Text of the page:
Cajun French: Cher

I'm not talking about this Cher

If you’re here thinking this is a post about the singer, Cher, I’m sorry to say you’re in the wrong place. For those who want to know more, step deeper into the world of Cajun French.

Most of the time, people see the word cher and pronounce it exactly the way the singer’s name is pronounced. In Cajun French, it’s a lot different. Our cher is pronounced “sha” with a short “a”. This is one little quirk about Hollywood that irritates me to no end when they make movies about this area. Now, there’s a possibility that Creole French* speakers pronounce cher the way most people are familiar with, but that is so not Cajun.

Cher is an endearment, as most of you already know. It means “dear” but it’s also used as a verb. When I was growing up, cher was the most common word I heard. My grandfather used it, my cousin used it, and at one point, I thought this was my name.

Sample sentences you might hear in Cajun country with the word cher:

“Mais, cher! I’m so glad to see you!”
“Aw, cher t’bebe”
(Aw, dear/darling little baby)
“Aw, cher”
(As in you just saw the cutest puppy.)
“Cher Bon Dieu!” (Dear Good Lord!)

My mom came to me one day after reading a wildly popular author’s book and asked me if I’d ever heard two men call each other cher. I hadn’t, of course. This is a term of endearment you hear between lovers (which these two men were not, they were friends), family members, and the elderly to the young. Some people use it as a tag no matter who they talk to, kind of like some people call everyone “boo”.

So, is this a word you’re going to use (with the proper Cajun pronunciation)?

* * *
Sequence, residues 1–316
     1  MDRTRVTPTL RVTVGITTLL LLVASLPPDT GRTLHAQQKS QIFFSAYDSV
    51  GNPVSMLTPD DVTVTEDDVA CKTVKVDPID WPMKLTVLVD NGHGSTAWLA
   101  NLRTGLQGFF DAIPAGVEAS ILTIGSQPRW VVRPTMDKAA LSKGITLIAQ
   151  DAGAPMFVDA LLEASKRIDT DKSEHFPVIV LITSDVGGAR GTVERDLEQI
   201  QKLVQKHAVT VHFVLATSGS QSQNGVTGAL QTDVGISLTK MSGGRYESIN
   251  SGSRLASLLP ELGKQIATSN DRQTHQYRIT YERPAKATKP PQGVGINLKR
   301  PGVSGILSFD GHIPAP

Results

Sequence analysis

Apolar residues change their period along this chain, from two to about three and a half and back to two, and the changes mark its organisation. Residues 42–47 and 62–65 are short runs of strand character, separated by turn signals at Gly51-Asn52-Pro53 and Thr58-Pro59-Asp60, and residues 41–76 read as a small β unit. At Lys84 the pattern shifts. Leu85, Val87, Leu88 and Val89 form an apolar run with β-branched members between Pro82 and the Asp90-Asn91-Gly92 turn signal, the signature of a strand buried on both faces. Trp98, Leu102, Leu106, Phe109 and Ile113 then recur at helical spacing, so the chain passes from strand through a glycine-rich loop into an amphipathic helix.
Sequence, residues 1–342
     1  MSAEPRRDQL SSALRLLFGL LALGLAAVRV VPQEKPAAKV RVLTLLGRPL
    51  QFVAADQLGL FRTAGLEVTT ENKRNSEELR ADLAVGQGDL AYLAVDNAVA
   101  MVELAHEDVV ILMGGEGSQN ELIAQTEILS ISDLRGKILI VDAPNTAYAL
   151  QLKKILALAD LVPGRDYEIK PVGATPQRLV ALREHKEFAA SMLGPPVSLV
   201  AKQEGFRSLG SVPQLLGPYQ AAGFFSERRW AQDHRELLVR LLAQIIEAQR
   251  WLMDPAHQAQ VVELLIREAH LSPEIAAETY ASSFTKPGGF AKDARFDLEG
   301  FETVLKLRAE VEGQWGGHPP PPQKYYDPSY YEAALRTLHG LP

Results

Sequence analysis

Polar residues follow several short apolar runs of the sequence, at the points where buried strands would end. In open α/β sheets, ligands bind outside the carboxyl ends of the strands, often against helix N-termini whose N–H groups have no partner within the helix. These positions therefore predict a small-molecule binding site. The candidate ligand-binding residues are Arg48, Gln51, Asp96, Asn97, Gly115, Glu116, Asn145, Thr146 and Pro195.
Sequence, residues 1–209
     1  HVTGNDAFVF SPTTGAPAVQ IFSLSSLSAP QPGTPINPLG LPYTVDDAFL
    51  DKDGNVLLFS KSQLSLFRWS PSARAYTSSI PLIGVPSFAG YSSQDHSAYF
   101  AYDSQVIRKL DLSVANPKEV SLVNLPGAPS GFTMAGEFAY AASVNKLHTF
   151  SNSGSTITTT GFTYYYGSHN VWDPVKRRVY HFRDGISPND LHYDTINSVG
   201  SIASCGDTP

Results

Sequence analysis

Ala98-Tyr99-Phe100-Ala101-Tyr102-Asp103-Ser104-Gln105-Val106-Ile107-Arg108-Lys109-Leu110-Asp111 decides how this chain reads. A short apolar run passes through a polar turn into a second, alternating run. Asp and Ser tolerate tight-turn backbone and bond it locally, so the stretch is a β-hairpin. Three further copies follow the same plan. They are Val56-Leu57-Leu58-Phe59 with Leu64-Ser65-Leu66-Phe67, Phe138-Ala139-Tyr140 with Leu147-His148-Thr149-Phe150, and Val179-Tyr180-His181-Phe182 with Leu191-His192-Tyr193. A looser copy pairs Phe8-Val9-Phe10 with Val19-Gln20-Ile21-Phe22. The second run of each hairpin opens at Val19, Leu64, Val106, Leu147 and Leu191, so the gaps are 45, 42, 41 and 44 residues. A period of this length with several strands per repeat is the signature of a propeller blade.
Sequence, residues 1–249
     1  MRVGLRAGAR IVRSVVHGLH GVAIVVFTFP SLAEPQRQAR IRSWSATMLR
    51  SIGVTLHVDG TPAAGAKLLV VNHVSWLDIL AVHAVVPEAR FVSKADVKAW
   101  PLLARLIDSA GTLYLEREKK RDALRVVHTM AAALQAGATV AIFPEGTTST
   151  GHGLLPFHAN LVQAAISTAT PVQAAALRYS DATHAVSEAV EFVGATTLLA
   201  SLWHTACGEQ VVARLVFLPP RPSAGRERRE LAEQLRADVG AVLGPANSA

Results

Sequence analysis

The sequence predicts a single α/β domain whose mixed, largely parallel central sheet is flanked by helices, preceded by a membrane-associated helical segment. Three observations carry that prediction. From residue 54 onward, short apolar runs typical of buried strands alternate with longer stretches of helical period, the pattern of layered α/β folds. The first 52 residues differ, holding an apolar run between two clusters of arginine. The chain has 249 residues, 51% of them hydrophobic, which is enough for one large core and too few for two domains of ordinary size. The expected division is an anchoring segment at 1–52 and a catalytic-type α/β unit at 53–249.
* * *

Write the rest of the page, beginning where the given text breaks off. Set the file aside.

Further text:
28 Comments

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28 responses to “Cajun French: Cher

  1. It sounds so much better with the proper pronunciation. I don’t like it as “cher”

  2. Ah Cajuns ah er Canadians. I love the story of their migration.

  3. I am using it properly, oh great goddess of Cajunisms!

  4. Are you saying that attorney (or DA – not sure what her actual title is) on “Bones” mispronounces the word? She calls Booth that, but I hear an “r” in it. So, maybe she’s not Cajun?

    • She’s more than likely Creole, which isn’t the same as Cajun. Creoles are mostly around New Orleans and their French is different from Cajun French which is found west and slightly north of New Orleans 🙂

  5. KAK

    “Do you belieeeeve in life af–” ooooo, riiiiight. Sorry, sha, er, cher.

    ‘Course, now I have the sk8r “tscha” and hillbilly “phsaw” each trying on Cajun “cher” … with the tongue sweep over the upper lip to boot.

  6. Love this. Never would have guessed that was how it was pronounced. Interesting. Love these Cajun French lessons!! 🙂

  7. Derek

    Like most of the Cajun French spoke in that part of the world, nothing is pronounced the way it’s spelled! Words that end in “T”, the T is usually silent, or dropped altogether. For example, some last names: Hebert – “A-bear” Doucet – “Do-say” Foret – “For-ay”. And anything spelled “eaux” or “aux” is pronounced “o”, as in Breaux (Bro) and Thibodaux (Tib-o-do and NOT Thib-o-docs). my favorite example of this is the name of a Native American tribe that was local to the area that became New Orleans – Tchoupitoulas -“Chop-eh-too-las”!